Blackhawks Prospects

Chicago Blackhawks Have A Fearless Sniper In Alex DeBrincat

By Aaron Goldschmidt
Sep 30, 2016; Pittsburgh, PA, USA; Chicago Blackhawks right wing Alexander DeBrincat (23) and Pittsburgh Penguins right wing Tom Kuhnhackl (34) battle for the puck during the second period in a preseason hockey game at the CONSOL Energy Center. Mandatory Credit: Charles LeClaire-USA TODAY Sports
Sep 30, 2016; Pittsburgh, PA, USA; Chicago Blackhawks right wing Alexander DeBrincat (23) and Pittsburgh Penguins right wing Tom Kuhnhackl (34) battle for the puck during the second period in a preseason hockey game at the CONSOL Energy Center. Mandatory Credit: Charles LeClaire-USA TODAY Sports /
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Q&A with Mark Scheig on Alex DeBrincat

1. Alex DeBrincat recently became the Erie Otters’ all-time leading scorer. What can you tell us about his style of play that has made him so productive in the OHL?

MS: Two things stand out to me: his skill and his fearlessness.

He scores a ton of his goals from the slot because he’s not afraid to attack the dangerous areas. That actually makes his small size an advantage, because he can skate into areas that other, bigger players can’t get to. Once he gets to the slot, the puck usually finds him.

While all the attention goes to his scoring, he’s just as good a passer. Teams have to defend against his shot, so it leaves other options open. He usually finds them.

There were a lot of questions early about the Connor McDavid impact.  McDavid (who previously played alongside DeBrincat with Erie) himself admitted that DeBrincat “is a great player regardless of who he’s with.” This has proven true to this point. His skill offsets his size.

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2. DeBrincat was cut from a Team USA squad that went on to win gold in the most recent World Junior Championship in Toronto. With such a high offensive skill set, why do you think he was left off the team?

MS: Ultimately, DeBrincat’s exclusion from the WJC was more about the kind of team that Team USA wanted.  Everyone knows he can score. He’s underrated defensively. But Team USA made it a point to have size, something DeBrincat doesn’t have.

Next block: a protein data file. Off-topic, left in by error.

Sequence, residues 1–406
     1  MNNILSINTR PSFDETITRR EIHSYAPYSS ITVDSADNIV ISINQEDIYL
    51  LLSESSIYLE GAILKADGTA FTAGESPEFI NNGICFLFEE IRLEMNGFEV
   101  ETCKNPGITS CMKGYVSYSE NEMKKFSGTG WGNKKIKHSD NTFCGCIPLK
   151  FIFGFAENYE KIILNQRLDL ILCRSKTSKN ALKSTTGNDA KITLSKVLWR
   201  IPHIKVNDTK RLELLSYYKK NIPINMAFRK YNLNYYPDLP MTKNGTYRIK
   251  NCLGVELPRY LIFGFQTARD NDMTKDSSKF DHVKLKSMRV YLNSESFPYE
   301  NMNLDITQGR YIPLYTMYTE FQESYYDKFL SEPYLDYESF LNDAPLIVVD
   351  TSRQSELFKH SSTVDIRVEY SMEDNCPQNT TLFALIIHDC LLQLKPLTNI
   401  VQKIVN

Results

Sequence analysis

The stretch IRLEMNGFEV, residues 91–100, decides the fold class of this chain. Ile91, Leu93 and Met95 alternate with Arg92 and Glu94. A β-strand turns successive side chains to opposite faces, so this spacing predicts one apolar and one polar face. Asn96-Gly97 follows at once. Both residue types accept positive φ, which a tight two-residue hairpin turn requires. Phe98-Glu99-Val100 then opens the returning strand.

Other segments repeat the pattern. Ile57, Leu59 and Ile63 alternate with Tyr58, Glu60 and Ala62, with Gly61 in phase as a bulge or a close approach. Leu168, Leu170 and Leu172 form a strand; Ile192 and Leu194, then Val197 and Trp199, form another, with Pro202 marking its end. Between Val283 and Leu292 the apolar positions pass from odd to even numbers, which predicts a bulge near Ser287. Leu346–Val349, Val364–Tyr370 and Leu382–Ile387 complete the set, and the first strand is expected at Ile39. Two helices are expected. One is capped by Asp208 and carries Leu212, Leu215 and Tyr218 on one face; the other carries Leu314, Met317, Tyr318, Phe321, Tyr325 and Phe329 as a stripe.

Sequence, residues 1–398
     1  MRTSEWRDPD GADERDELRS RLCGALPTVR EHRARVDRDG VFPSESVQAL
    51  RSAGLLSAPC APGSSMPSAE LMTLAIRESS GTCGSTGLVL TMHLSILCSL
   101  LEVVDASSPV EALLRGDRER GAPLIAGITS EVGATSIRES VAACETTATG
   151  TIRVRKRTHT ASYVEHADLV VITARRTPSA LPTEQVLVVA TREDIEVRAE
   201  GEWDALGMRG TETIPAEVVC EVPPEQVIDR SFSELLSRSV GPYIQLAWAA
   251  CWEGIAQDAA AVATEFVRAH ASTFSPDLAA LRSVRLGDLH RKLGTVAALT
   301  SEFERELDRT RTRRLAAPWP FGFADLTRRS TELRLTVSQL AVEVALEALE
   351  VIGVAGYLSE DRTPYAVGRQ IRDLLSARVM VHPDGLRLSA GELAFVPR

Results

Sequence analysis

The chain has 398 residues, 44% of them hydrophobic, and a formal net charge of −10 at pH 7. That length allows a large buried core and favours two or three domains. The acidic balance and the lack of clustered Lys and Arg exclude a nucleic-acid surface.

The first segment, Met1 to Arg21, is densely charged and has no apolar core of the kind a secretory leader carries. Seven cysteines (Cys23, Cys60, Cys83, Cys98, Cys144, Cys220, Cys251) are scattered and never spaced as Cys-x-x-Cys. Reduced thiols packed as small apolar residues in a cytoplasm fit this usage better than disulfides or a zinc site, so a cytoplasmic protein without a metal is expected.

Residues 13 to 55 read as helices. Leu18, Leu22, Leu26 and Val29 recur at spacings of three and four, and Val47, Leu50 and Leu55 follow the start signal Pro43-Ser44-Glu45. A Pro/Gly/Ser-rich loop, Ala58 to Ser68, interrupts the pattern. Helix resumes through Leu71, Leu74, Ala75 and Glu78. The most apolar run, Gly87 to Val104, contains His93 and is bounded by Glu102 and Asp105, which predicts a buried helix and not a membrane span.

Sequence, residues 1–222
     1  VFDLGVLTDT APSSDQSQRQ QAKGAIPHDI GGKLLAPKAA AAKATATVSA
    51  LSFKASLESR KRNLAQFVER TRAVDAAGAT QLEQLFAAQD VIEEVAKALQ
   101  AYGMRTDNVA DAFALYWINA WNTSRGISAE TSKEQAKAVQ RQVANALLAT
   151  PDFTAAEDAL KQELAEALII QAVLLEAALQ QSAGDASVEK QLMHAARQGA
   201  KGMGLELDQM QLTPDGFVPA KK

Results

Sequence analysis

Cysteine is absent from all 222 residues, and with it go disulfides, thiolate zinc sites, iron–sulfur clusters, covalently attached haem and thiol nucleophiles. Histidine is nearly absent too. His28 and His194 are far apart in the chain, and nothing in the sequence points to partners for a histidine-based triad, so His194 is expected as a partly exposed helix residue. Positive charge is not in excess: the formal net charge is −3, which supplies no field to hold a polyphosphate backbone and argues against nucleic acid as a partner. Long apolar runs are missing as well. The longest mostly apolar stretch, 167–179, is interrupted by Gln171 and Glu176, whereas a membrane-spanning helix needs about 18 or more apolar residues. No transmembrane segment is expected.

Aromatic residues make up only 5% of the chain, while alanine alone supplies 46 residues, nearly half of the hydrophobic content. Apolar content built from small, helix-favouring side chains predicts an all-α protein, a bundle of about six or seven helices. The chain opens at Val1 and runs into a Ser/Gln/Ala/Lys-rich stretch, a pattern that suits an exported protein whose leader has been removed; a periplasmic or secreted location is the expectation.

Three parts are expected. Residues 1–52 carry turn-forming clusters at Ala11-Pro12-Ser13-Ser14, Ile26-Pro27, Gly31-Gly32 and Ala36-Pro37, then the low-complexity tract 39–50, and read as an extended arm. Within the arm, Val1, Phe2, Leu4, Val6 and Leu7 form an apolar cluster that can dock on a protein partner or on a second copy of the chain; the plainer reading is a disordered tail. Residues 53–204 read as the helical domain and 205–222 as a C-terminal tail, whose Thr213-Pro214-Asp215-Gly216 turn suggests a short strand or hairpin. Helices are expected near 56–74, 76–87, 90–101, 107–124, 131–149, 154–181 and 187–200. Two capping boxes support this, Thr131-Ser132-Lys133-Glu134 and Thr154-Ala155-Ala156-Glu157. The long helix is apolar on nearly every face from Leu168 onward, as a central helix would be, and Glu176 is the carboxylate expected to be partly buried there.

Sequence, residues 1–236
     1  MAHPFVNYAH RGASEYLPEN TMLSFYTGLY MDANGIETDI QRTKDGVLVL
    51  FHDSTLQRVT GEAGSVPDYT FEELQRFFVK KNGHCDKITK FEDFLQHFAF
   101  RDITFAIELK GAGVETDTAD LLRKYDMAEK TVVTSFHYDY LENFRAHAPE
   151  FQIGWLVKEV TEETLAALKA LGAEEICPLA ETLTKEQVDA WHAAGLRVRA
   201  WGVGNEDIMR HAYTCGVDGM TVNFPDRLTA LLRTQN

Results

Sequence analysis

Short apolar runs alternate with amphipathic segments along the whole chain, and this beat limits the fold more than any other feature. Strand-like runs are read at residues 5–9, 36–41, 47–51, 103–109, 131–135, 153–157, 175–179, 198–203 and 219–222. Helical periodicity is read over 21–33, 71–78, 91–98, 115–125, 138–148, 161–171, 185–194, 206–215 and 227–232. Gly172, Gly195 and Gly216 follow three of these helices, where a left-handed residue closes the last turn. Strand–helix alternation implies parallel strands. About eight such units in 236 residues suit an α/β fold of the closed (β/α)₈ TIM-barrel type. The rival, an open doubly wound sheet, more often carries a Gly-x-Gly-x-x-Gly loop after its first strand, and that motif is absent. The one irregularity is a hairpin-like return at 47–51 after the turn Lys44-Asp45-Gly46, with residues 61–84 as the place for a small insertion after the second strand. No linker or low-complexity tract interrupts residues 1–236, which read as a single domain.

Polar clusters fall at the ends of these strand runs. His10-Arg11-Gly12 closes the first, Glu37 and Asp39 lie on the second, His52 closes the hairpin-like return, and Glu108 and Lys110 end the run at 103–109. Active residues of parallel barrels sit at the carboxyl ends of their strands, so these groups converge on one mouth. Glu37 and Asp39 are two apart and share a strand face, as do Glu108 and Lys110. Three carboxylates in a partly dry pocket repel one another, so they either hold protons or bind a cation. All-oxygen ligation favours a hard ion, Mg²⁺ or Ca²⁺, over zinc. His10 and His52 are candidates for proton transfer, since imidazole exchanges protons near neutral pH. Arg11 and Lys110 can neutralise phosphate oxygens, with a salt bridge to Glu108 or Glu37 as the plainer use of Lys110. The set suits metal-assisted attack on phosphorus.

The team also likely recalled the prior season and saw his limited production against bigger players. He also did himself no favors by getting that early game misconduct. DeBrincat can occasionally lose his cool in big moments.

The other factor is the whole CHL thing. There weren’t many CHL players on this roster. The management has a knack for favoring NCAA players. Hey, it worked this time. The U.S. won, and DeBrincat is still a great player.

3. Last year, DeBrincat was drafted by the Blackhawks 39th overall in the second round. This could be a steal for the ’Hawks if his skill translates to the pro level. Why do you think he fell out of the first round?

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MS: He fell out of the first round because of his size. Teams didn’t want to be the one to gamble in the first round and then see him flop. The Blackhawks absolutely got a steal, as his skills are top-10 caliber.

I also think teams thought his defensive game given his size was a concern in such a low-scoring league. He’s improved on that vastly. The Otters are among the best defensive teams in the league. They always have the puck. That’s as good a defense as there is.

4. DeBrincat had the luxury of playing on a line with former top prospects Connor McDavid and Dylan Strome. Was his success been a product of their performance or has he proved he can produce on his own?

MS: He can produce on his own. I’ll put it this way. Early in the season, his center was 16-year-old rookie Allan McShane. McShane is now in Oshawa as the Otters traded for Anthony Cirelli.

But DeBrincat’s center was a rookie, and it didn’t stop him from producing. He’s a legitimate threat to score every time he touches the puck, no matter who is out there.

5. Tell us about DeBrincat’s personality and if you believe Chicago is a good fit for him.

MS: Alex is one of the nicest kids out there. That goes under-reported because many recall his game misconduct at the WJC. As someone who interacts with him a lot, he’s always nice and accommodating to me personally and to the media.

I do feel like he’ll fit in Chicago in a couple of years. I personally see him in Rockford before anything. Imagine if he and his skill set get to play on a wing with Toews. Scary good stuff there.

Next: Blackhawks Alumnus Martin Havlat Retires

Mark Scheig writes for The Hockey Writers and covers the Columbus Blue Jackets, AHL’s Lake Erie Monsters, and OHL’s Erie Otters.  You can follow him at @THWMark and  read his blog here.

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